Painting a sash window...

Hi All,
Yet more advice needed, I'm afraid, for the bumbling DIY newbies...
We're about to renovate the sash window in the room we've chosen to do first, and I wanted to ask some questions and solicite some advice...
I've done a fair bit of reading, both of the posts to uk.d-i-y and websites such as sash-style, but there doesn't seem to be much information about painting. We'd like to use a water-based paint if possible, but I suspect this won't be a very good solution for the exterior surfaces - are there any water-based paints that would do?
Part of the reason that we're gong for a full-on removal of the sashes and renovation/repaint is that the paint on the outer cill started flaking pretty much as soon as I touched it, and has come off in large chunks. The wood underneath looks damp, but actually feels OK and gives only a little to the corner of a stripping knife (pretty much exactly as I'd expect any wood to). Will it be OK to just paint over, or will I need to treat it somehow?
The current window has a hinging system in place, similar to the 'Simplex' system outlined on the Mighton website, and I'd like to renovate that too, if possible. I think the hinges and fittings are all brass (consists of two hinges, to screws in the sash frame, a thumbscrew to release the RHS staff bead and a 'clutch' for the sash cord) - what's the easiest way to strip the over-enthusiastic painting off them?
Although I've got a hundred more questions, I'll keep it to that for the moment!
Thanks for any help - Adam...
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I've not got on well with water based paints in this role. When fully renovating sliding sash windows I've taken out the sashes, burnt off the old paint with a heat gun (not near the glass :), sanded the crust down to bare wood and painted on two coats of microporous paint (no primer!). The finish is superb and is breathable so it lasts a long time. An example of this type is International brand Ranch Paint. The drawback is that the sashes will be out for at least 2days to let both coats dry fully 16hrs each + then some but it is worth it. I block off the opening with a board while this is going on.. Also rub a candle down the mating face of sash & parting bead to reduce sticking.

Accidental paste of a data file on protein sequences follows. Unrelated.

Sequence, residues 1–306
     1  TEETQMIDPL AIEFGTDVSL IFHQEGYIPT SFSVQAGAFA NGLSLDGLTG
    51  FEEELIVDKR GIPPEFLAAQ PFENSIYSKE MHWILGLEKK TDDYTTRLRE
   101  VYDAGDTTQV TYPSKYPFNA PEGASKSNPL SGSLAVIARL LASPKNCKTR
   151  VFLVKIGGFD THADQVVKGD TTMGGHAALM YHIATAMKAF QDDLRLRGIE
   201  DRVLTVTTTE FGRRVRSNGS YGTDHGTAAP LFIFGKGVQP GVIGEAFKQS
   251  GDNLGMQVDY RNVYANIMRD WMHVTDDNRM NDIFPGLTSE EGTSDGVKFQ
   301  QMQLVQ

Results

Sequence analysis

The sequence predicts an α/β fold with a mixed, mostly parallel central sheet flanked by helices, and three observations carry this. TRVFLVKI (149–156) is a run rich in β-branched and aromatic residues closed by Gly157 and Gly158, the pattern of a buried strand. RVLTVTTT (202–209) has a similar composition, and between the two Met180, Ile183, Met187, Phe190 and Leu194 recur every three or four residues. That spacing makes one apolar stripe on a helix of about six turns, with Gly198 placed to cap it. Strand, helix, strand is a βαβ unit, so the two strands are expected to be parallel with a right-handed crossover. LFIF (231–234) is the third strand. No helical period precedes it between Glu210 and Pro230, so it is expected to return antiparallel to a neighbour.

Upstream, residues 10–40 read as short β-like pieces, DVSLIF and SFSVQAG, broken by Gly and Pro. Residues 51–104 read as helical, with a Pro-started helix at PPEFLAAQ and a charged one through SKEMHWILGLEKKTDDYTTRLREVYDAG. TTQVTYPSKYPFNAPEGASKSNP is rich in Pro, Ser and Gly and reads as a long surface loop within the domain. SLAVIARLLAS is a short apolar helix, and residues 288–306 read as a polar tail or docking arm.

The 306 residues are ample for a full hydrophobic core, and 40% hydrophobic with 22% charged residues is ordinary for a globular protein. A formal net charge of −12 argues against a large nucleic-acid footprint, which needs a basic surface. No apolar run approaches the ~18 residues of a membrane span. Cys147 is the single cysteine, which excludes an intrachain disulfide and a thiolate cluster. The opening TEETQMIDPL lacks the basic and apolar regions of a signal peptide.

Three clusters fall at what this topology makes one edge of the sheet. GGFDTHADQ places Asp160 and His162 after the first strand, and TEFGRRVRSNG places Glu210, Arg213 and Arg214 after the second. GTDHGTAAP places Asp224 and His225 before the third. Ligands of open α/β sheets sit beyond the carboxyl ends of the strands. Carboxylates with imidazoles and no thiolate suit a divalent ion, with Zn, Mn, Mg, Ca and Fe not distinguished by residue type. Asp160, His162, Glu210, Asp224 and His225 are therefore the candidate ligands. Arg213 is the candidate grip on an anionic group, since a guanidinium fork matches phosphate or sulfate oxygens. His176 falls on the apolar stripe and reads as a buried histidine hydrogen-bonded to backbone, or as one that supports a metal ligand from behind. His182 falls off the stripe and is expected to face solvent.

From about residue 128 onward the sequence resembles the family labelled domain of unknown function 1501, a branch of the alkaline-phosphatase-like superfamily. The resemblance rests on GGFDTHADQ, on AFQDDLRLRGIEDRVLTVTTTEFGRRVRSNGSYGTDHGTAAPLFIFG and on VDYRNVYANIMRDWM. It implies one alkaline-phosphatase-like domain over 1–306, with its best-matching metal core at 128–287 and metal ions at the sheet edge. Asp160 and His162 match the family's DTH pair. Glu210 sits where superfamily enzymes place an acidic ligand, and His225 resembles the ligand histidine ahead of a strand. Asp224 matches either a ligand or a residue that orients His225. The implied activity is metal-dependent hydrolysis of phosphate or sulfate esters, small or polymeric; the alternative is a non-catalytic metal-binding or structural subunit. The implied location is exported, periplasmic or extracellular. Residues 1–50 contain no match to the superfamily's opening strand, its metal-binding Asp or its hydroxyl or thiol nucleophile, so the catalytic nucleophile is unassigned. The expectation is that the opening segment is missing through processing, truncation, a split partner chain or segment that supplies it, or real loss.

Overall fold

You could really do with drying this out, but I reckon that is not going to happen. Suggest you take it back to bare wood then apply one coat only of Ranch Paint. That will hopefully stop further moisture getting in but may let moisture from the wood breath out. Don't be surprised if this is too much for the paint & the moisture causes it to fail prematurely, just byte the bullet & repeat the cycle. Hopefully it will be ok after a couple of iterations, then apply 2 coats of same. btw; I suppose you could give the bare wood a blast with a fan heater for a few hours before painting, but I think that will only remove moisture near the surface, and deep seated stuff will surface later, but it wouldn't hurt.

Don't have much time for those systems as I can clean the windows by sliding them one over the other & sitting on the window ledge (if you can picture that). The hinging systems IMO are just extra places for draughts to get in. I make mine easy to remove by securing the staff beads with brass screws and screw cups, 5mins to remove, but I don't really have a need to. If you want to keep them then just soak in paint stripper to recover former glory but def replace the staff (& parting) beads, they are dead cheap & can be got from Jewsons and the like. Replacing these make the windows look like new.